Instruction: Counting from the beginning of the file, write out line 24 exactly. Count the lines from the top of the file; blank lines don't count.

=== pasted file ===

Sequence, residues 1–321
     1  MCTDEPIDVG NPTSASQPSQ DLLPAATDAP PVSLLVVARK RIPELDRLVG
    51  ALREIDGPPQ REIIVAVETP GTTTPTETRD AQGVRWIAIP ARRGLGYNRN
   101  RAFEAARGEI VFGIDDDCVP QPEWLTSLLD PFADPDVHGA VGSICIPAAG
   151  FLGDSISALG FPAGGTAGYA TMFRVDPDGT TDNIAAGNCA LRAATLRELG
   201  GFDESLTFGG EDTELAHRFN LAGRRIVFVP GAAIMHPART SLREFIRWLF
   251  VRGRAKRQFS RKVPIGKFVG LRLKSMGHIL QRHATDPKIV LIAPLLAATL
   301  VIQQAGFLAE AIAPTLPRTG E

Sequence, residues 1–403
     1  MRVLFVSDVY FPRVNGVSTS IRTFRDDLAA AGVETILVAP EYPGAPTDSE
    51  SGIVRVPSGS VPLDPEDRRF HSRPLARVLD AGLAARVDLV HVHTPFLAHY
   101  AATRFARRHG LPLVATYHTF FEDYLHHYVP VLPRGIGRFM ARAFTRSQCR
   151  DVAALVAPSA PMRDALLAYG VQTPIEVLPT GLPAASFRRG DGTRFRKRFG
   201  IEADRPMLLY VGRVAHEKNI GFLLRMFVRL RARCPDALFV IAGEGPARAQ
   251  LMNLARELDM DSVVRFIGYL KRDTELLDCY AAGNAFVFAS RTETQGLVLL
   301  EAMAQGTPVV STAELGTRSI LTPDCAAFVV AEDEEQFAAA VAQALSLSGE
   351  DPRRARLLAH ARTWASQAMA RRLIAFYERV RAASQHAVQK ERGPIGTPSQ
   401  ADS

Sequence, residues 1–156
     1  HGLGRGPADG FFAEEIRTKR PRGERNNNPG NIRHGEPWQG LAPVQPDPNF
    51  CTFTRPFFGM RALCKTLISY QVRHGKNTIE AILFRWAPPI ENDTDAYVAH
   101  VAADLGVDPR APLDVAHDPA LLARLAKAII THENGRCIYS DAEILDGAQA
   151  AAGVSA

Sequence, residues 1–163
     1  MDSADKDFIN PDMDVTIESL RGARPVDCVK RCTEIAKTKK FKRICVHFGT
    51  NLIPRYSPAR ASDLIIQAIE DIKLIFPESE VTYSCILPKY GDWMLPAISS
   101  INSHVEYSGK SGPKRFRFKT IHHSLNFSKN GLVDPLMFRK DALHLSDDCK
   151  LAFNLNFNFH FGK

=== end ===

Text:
Sequence, residues 1–163